Mecca or Makkah (مكة is a city in the Hejazi region of the Arabian Peninsula, and the plain of Tihamah in Saudi Arabia, and is also the capital and administrative headquarters of the Makkah Region. The city is located inland from Jeddah in a narrow valley at a height of above sea level, and south of Medina. Its resident population in 2012 was roughly 2 million, although visitors more than triple this number every year during the Ḥajj (حَـجّ, "Pilgrimage") period held in the twelfth Muslim lunar month of Dhūl-Ḥijjah (ذُو الْـحِـجَّـة). As the birthplace of Muhammad, and the site of Muhammad's first revelation of the Quran (specifically, a cave from Mecca), Mecca is regarded as the holiest city in the religion of Islam and a pilgrimage to it known as the Hajj is obligatory for all able Muslims. Mecca is home to the Kaaba, by majority description Islam's holiest site, as well as being the direction of Muslim prayer. Mecca was long ruled by Muhammad's descendants, the sharifs, acting either as independent rulers or as vassals to larger polities. It was conquered by Ibn Saud in 1925. In its modern period, Mecca has seen tremendous expansion in size and infrastructure, home to structures such as the Abraj Al Bait, also known as the Makkah Royal Clock Tower Hotel, the world's fourth tallest building and the building with the third largest amount of floor area. During this expansion, Mecca has lost some historical structures and archaeological sites, such as the Ajyad Fortress. Today, more than 15 million Muslims visit Mecca annually, including several million during the few days of the Hajj. As a result, Mecca has become one of the most cosmopolitan cities in the Muslim world,Fattah, Hassan M., The New York Times (20 January 2005). even though non-Muslims are prohibited from entering the city.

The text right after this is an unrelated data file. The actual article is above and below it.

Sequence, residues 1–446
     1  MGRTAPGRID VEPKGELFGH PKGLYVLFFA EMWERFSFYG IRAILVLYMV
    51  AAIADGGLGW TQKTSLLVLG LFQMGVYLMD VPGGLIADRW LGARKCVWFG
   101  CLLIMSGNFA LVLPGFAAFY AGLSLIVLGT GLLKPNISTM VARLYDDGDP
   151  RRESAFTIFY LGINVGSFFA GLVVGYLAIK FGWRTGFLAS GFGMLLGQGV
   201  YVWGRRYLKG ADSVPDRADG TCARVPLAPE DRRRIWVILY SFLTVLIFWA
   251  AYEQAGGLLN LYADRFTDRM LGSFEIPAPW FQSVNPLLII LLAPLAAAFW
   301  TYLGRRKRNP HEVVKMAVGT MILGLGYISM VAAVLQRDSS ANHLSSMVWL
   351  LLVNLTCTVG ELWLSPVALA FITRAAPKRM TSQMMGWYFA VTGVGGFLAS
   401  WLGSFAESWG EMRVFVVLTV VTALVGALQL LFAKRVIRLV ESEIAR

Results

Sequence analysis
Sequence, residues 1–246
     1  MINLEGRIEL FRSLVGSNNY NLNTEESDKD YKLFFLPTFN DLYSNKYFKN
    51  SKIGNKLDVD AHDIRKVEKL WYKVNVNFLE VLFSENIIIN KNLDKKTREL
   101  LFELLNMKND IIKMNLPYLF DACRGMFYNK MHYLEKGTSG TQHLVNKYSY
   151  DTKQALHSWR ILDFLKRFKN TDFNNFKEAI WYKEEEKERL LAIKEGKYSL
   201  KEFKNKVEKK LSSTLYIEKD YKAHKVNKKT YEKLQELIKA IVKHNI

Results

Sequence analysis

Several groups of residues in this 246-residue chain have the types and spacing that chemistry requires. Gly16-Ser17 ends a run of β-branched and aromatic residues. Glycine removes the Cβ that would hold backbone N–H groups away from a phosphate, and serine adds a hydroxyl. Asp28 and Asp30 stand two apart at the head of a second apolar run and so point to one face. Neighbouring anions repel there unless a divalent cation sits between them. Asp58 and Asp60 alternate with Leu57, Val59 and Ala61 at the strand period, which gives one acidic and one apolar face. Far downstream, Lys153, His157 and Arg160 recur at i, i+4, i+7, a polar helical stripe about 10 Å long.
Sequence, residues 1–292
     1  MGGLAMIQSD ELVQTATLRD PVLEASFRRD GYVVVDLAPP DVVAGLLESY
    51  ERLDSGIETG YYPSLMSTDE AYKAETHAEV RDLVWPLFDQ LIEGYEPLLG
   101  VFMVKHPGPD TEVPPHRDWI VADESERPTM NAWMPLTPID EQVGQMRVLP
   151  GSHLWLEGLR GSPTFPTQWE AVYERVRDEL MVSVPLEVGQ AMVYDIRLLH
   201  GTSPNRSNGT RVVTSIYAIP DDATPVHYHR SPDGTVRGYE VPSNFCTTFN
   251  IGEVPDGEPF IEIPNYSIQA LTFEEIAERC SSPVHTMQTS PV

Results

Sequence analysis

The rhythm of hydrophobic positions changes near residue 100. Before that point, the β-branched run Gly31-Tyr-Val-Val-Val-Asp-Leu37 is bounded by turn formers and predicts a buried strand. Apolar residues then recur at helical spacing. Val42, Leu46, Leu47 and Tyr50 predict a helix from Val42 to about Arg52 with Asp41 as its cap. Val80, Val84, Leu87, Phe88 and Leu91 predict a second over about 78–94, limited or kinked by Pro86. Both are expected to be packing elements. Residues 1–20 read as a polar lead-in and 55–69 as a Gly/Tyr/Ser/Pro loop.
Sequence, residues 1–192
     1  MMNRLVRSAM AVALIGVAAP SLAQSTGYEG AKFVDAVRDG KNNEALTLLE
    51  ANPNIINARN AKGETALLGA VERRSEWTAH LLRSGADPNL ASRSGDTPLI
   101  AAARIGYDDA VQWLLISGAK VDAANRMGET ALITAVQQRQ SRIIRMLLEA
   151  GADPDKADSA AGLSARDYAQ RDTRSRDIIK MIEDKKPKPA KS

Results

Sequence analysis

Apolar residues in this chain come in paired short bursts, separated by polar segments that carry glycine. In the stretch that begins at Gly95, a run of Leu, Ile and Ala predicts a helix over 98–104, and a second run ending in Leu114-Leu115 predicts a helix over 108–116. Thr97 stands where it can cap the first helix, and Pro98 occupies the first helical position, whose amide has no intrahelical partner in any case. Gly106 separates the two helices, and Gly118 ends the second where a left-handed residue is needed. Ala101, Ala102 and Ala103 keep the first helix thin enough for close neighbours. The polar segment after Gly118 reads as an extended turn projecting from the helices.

Medina (المدينة المنورة,, "the radiant city"; or المدينة,, "the city"), also transliterated as Madīnah, is a city in the Hejaz region of the Arabian Peninsula and administrative headquarters of the Al-Madinah Region of Saudi Arabia.
Midstream is a magazine established by the Theodor Herzl Foundation, New York, described as an "intellectual Zionist journal".
Mocha (المخا Yemeni pronunciation) is a port city on the Red Sea coast of Yemen.
Myrrh (from Aramaic, but see § Etymology) is a natural gum or resin extracted from a number of small, thorny tree species of the genus Commiphora.